The Writing Life

Information, inspiration and insights into the writing life

The tendency to look overseas for great literary works is hardly new. The notion of ‘cultural cringe’ (coined by AA Phillips¹ in 1950) describes an Australian assumption that ‘the domestic cultural product will be worse than the imported article’. We suppose it’s being done better internationally, and look to international markets as arbiters of taste. We measure our own successes against international works – both in terms of sales and reception – and maintain the baseline assumption that international work represents the highest level of achievement.

Professor Megan Davis recently presented the 2018 Human Rights Oration, ‘Towards a Treaty’, organised by the Victorian Human Rights and Equal Opportunity Commission.

The distinguished English biographer Richard Holmes once described biography as ‘a handshake across time’. He was trying to draw out the degree to which writing a biography is ‘an act of human solidarity, and in its own way an act of recognition and of love’. This is surely true, but his analogy strikes me as somehow too cool. For me, writing a biography has been more like a big warm bear-hug across time, or maybe a wild, nose-in-the air, nose-to-the-ground fox-hunt across time.

It’s the opening night of the poetry festival in Heidelberg in Germany, one of the International Cities of Literature. Onstage stand a poet and musician who’ve travelled from Ballarat in regional Victoria. Nathan Curnow introduces his first poem, ‘Student Kiss’, about a famous Heidelberg chocolate. He’s googled those things that make Heidelberg unique and written poems to deliver. But he’s taking a risk; like saying ‘put another shrimp on the barbie’, it might not sit quite right. He gauges his audience as he shapes the delivery.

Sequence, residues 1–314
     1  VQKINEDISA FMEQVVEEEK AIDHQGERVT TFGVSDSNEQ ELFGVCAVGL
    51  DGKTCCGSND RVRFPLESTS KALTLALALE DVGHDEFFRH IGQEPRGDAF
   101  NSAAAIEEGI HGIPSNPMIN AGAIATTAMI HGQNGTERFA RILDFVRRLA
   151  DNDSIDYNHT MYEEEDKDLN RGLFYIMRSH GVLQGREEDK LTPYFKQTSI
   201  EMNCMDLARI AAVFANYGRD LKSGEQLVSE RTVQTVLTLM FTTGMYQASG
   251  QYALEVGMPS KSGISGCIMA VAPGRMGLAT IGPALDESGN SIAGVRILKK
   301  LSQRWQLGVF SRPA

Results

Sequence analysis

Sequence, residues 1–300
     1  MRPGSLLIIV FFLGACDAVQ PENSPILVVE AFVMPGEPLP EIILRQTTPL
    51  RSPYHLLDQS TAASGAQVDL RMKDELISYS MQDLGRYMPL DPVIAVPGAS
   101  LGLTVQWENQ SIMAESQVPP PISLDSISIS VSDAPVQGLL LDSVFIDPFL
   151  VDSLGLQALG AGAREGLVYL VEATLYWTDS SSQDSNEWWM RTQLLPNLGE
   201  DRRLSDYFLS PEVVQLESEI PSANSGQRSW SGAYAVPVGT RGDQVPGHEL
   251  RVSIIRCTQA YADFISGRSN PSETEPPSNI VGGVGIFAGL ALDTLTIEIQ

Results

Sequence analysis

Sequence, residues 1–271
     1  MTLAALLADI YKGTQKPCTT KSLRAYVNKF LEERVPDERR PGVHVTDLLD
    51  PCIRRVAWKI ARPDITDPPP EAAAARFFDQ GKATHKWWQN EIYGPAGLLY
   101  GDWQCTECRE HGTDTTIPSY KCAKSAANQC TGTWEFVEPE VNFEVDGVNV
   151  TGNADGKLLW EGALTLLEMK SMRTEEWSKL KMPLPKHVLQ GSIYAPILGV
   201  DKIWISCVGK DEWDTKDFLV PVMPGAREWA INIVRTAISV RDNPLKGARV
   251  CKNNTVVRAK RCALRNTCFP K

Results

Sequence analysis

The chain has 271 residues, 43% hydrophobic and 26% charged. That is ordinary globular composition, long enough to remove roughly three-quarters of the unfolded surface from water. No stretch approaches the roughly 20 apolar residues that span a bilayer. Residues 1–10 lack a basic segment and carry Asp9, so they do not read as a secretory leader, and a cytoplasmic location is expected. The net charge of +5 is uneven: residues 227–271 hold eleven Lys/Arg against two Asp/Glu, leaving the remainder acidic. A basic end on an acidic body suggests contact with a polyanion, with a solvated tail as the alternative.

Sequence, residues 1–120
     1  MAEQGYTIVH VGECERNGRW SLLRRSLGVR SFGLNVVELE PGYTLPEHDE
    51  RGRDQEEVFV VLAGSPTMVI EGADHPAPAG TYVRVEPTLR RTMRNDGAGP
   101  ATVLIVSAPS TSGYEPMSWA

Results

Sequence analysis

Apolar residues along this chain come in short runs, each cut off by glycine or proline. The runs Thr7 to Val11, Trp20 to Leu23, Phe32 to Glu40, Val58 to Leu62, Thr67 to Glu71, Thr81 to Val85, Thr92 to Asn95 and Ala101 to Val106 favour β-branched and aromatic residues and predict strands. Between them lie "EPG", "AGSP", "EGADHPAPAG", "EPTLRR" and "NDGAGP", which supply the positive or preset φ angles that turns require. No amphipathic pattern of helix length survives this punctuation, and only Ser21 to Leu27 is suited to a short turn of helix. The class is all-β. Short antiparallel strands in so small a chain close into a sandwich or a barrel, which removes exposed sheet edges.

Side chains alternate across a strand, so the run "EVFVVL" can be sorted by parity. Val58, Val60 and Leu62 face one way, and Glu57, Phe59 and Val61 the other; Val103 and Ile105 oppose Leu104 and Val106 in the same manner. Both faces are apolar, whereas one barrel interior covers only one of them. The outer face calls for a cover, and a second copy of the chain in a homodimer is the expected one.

Five bells toll at 4.45am. The world is humid darkness and my mind, a sleep deprived fog. I’m supposed to jump out of bed in fervent prayer but my body shakes from the shock of waking up too early, even after two years practice.

Lost and naïve, traipsing through the wards

I listened to a chest and heard

A harsh rasping whisper

Blowing between beats and breaths

All but intangible from the outside

Yet I hear rumbling beneath my steth.

Behind all this was a person

Patiently waiting while I fumble.

I absolutely love to write. I always have. I first realised this from the enjoyment that I had when writing essays in high school. It resonated with me a great deal, to create a narrative prose on a topic. Then at university, more essays and reports, culminating in a thesis. These early forays led to a job in technical writing – equipment manuals, to be exact. I was writing – I was happy. But then, many things happened in my life at once, and my love of writing was placed to the side.

A portrait of Sian Prior

Why do we write memoirs? Memoir tutor Sian Prior says that humans have a powerful urge to tell, listen to, and learn from true stories for all sorts of reasons – just don’t write them if you’re looking for revenge.

In her powerful and candid memoir, ‘Eggshell Skull’, Brisbane-based writer Bri Lee recounts her year working as a judge’s associate in the Queensland District Court. During this time, she witnessed numerous instances where victims of sexual offences were denied due justice.

About a decade ago, Writers Victoria held a little competition: ‘Send us two-hundred words of non-fiction and we’ll give the winner a book.’ At the time I’d been tootling around with a non-fiction project for a couple of years. I had young children and a day job, but every now and then, in the cracks of my life, I’d do some research, do some writing, then do some more research.